3. Hydrate skin
Loss of sleep often leads to increased skin dryness and tightness, so change up your moisturiser to compensate for this. Exchange your usual lightweight lotion for a more nourishing cream. Flawless Moisturiser is rich in ingredients like shea butter and squalane, which help reduce moisture loss from the surface of the skin.
4. Don’t forget SPF
As I’ve said, pregnancy can trigger melasma. Seek out a mineral filter-based sunscreen (look for zinc oxide at a minimum of 5%) to help reduce the provocation of pigment-inducing UVA rays. These rays are present all year-round, and can even pass through glass. Continue right through the post-partum period and beyond. Your daily non-negotiable for skin health.
Skincare ingredients in pregnancy
The ingredients that have the green light for use during pregnancy, and those that should only be used postpartum.
Can you use niacinamide when pregnant?
Yes, niacinamide is considered safe to use during pregnancy and postpartum. As an anti-inflammatory, it can help keep skin calm, reducing breakouts and supporting a strong skin barrier.
Can you use azelaic acid in pregnancy?
Yes, azelaic acid is also considered pregnancy-safe. This all-rounder ingredient can support skin conditions in pregnancy like melasma, breakouts and redness.
Can you use vitamin C in pregnancy?
Yes, this is one of the most glow-getting ingredients and works very well if you’re also tackling pigmentation. Consider Flawless Brightly Serum as your time and skin saver. It’s powered by four pregnancy-safe actives in one radiance-boosting formula: azelaic acid, vitamin C, bakuchiol and niacinamide.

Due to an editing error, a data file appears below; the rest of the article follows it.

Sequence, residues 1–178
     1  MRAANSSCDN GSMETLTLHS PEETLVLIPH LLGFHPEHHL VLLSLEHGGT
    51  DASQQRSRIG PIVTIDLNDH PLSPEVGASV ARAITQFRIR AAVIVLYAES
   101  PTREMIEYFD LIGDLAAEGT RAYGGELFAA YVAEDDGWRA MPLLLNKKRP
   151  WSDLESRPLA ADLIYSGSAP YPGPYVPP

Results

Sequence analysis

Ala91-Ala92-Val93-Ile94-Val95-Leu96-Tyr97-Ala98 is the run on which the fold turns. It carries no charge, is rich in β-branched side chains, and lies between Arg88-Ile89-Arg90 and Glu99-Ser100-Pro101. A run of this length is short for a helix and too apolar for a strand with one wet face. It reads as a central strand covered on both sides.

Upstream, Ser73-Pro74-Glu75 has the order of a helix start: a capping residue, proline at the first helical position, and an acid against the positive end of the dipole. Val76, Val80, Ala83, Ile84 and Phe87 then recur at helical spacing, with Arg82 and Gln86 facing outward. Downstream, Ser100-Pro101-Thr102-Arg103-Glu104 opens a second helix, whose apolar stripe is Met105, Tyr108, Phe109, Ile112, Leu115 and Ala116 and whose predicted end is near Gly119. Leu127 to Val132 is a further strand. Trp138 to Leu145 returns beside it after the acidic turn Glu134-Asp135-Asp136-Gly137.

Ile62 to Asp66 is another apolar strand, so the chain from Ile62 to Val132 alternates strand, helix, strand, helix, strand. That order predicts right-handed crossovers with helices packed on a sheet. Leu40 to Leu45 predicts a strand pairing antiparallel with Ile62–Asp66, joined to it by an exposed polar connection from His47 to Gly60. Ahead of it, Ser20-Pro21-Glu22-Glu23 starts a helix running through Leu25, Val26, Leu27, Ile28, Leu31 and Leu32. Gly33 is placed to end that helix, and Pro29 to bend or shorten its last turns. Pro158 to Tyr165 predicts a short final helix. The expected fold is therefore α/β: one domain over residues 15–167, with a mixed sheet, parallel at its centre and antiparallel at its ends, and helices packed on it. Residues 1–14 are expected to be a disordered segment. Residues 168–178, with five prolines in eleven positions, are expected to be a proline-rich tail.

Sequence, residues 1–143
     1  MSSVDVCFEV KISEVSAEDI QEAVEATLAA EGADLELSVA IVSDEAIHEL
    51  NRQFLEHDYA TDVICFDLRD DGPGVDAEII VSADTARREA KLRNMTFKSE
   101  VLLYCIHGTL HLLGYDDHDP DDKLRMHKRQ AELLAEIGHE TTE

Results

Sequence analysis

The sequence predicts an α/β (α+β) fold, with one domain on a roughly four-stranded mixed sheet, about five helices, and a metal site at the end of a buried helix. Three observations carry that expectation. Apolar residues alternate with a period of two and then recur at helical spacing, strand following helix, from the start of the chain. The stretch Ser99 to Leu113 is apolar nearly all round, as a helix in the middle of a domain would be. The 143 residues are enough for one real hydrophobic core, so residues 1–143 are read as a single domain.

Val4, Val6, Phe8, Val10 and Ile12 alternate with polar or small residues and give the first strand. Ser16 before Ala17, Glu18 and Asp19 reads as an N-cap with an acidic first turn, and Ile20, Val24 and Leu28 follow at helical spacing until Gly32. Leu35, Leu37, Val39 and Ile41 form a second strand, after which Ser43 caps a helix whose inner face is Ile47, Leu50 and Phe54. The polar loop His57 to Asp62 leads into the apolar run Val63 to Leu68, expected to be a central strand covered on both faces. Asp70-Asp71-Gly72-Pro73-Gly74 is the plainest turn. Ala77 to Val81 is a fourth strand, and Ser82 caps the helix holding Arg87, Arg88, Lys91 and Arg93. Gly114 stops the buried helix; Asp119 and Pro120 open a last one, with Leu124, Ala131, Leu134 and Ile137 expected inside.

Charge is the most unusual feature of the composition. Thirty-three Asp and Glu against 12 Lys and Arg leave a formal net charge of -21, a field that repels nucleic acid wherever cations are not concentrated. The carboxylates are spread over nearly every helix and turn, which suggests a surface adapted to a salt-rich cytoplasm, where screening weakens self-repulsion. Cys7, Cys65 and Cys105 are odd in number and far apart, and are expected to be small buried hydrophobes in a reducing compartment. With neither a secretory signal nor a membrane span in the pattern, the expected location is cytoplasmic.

Can you use AHAs while pregnant?
Yes. If skin is looking a little dull or lacklustre (like most of us when we’re getting less sleep than usual), try an alpha hydroxy acid (AHA) for radiance. An acid exfoliant that gently lifts away dead skin cells to reveal new ones below, for a brighter, fresher appearance. It’s safe to use during pregnancy and lactation.
Can you use retinoids in pregnancy?
Retinoids are not safe to use during pregnancy, so make sure you check the ingredient lists on your skincare products to make sure you aren’t applying this active.
Postpartum, it’s safe to start reintroducing retinoids again. This is the most common question we get around Flawless Nightly Serum, and indeed it’s a common worry with retinoids as a whole. Don’t fret, they’re fine. Just avoid breastfeeding immediately after application to avoid cream transferring onto your infant’s skin and irritating it.
Best acne treatment while pregnant?
Benzoyl peroxide is fine to use during pregnancy for breakouts. It’s one of the most effective spot treatments around, but it can be irritating. If your skin doesn’t like BPO, then try salicylic acid as an alternative (postpartum only - not to be used during pregnancy). Both are great for inflamed spots.
Want to learn more about all-rounder ingredient azelaic acid? Read azelaic acid 101: how to use it & what are the benefits? to become a pro.